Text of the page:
Puerto Rico may face 'hundreds of thousands' of Zika cases: US (Update)
Puerto Rico may be on the brink of a massive outbreak of Zika, a mosquito-borne virus which has been linked to birth defects, and cash is urgently needed, warned US health authorities on Thursday.
Tom Frieden, the chief of the US Centers for Disease Control, told reporters on a conference call that he had just returned from a visit to the US island territory, and was worried by what he had seen.
"Puerto Rico is on the front lines of the battle against Zika and it is an uphill battle," said Frieden.
"I am very concerned that before the year is out there could be hundreds of thousands of Zika infections in Puerto Rico and thousands of infected pregnant women," he added.
"The rainy season is around the corner and funding from Congress is urgently needed," said Frieden.
The virus has already swept through Brazil, where thousands of babies have been born with microcephaly, a defect in which the head is unusually small.
Some microcephaly cases have been directly linked to infection with Zika virus while the mother was pregnant.
While researchers caution that Zika has not yet been proven to cause birth defects, evidence so far strongly suggests the possibility.
Frieden also said a link between Zika and Guillan Barre syndrome—in which the immune system attacks the nervous system —"is likely to be proven in the near future."
Efforts to control mosquitoes have been further complicated by the discovery that some common repellants are not working.
"We are finding widespread resistance to some insecticides," said Frieden.
Other top concerns listed by Frieden include the lack of access to contraception in Puerto Rico, a Caribbean island with some 3.5 million inhabitants.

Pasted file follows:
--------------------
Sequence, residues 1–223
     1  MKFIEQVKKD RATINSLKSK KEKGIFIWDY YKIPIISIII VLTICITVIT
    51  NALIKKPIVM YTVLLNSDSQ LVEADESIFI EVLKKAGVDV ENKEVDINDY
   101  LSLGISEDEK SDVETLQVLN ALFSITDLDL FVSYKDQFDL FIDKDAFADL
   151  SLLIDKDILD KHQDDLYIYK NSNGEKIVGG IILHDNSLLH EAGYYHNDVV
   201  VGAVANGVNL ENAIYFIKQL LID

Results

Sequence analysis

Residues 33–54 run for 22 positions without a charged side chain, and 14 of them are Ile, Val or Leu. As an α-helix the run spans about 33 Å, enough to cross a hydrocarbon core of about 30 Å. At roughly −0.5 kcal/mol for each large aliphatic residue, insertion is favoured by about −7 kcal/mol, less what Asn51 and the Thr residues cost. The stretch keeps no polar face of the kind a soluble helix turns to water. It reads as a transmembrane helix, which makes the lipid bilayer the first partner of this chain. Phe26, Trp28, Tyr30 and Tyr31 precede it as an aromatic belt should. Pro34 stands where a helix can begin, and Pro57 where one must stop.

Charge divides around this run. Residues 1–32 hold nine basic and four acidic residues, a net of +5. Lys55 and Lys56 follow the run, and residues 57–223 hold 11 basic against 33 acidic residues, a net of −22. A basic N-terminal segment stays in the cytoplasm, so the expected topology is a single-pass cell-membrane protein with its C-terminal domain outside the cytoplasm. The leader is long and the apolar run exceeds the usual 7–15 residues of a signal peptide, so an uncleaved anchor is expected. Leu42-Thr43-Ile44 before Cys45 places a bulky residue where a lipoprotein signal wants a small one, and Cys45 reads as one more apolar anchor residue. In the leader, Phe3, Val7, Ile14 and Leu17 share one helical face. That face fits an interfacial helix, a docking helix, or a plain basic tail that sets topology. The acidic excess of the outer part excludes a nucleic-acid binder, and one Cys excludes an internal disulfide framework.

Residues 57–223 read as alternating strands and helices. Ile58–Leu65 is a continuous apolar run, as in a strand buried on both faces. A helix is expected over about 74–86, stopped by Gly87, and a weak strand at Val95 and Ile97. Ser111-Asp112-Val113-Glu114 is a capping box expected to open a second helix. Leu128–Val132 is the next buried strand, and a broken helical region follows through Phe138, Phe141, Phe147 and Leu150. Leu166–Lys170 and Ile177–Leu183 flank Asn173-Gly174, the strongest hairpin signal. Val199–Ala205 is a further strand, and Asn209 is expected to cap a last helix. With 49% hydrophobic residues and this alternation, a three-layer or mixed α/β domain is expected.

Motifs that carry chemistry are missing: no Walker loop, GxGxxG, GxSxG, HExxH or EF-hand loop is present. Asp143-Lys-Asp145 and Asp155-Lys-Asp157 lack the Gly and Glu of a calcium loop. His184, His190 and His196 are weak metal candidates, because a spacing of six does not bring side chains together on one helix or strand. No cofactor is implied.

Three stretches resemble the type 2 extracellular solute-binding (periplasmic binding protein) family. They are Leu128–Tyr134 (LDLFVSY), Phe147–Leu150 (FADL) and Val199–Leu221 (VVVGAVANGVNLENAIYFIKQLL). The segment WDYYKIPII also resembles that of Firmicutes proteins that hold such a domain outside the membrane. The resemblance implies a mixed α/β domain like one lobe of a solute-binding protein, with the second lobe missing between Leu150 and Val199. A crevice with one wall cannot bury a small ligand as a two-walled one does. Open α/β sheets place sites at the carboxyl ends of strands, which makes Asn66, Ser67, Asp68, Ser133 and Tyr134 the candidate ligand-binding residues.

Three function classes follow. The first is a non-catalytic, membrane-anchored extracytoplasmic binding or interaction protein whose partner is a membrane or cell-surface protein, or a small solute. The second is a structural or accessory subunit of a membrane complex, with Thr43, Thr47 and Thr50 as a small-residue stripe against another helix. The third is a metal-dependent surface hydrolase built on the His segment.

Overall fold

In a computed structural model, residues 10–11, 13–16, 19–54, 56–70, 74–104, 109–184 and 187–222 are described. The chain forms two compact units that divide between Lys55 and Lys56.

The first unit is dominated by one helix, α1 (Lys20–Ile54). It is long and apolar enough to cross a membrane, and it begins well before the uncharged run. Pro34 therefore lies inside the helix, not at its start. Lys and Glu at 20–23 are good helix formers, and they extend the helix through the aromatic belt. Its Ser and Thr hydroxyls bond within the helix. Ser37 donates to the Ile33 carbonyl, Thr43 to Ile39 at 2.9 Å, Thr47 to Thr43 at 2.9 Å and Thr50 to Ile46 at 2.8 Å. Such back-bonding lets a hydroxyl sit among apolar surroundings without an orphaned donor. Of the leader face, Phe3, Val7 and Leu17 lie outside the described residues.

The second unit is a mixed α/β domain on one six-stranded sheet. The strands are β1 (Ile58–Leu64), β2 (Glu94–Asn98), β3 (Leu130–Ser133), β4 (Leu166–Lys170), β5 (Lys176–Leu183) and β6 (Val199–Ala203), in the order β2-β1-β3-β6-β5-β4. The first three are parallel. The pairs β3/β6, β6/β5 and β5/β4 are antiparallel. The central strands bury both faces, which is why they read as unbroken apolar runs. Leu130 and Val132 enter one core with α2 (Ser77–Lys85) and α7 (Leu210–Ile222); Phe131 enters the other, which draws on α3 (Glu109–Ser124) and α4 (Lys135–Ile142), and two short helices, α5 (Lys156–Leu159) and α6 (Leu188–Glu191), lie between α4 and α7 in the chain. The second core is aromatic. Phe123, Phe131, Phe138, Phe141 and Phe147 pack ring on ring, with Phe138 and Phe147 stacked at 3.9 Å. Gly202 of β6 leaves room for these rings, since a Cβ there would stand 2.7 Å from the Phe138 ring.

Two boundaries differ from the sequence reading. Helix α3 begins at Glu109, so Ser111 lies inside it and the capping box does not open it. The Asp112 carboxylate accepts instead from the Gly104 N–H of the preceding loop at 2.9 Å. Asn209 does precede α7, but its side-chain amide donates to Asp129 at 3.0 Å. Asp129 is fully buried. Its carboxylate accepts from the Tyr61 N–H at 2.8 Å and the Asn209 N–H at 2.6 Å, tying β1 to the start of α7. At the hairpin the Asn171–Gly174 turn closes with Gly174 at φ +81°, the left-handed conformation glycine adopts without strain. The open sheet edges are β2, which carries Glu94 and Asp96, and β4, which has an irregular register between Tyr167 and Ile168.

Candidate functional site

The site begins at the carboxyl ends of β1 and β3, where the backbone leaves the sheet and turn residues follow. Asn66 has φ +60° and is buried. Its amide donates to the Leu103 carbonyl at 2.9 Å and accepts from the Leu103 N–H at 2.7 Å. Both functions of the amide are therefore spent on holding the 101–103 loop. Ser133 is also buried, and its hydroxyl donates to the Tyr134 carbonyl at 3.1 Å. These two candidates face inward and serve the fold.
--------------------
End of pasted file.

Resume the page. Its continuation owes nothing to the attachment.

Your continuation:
Last month, the island territory declared a health emergency due to the Zika virus, which can be transmitted by sexual contact as well as by mosquitoes.
Health experts have urged women who want to become pregnant or who are pregnant to avoid travel to the more than 30 areas of the world where Zika is present—or if they live there, to postpone plans to get pregnant if possible.
Men are urged to use condoms, or refrain from sex with pregnant partners.
"Never before have we had a mosquito-borne infection that could cause birth defects on a large scale," said Frieden.
"Most of the pregnancies in Puerto Rico are unplanned, unintended and there is an unmet need for contraception."
The latest figures, released in February, showed that Puerto Rico has documented 22 cases of Zika. Updated figures are expected on Friday, Frieden said.
Health authorities anticipate "the number of cases in Puerto Rico at some point beginning to increase not steadily but dramatically," he said.
There is no vaccine to prevent Zika, and in four out of five cases, the infection shows no symptoms. Otherwise, it may cause fever, rash and red eyes.
Speaking to reporters on the same call, Anthony Fauci, head of the National Institute of Allergy and Infectious Diseases, said early vaccine trials may get under way by late summer or early fall, but reiterated that it will likely be years before an effective vaccine is widely available.
Some 100 CDC staff are working in Puerto Rico, as part of 750 CDC workers assigned to work on the Zika virus, Frieden said.
"There is nothing about Zika control that is quick or easy," he added.
"The only thing quick is the mosquito bite that can give it to you. And the only thing easy are wrong answers."
© 2016 AFP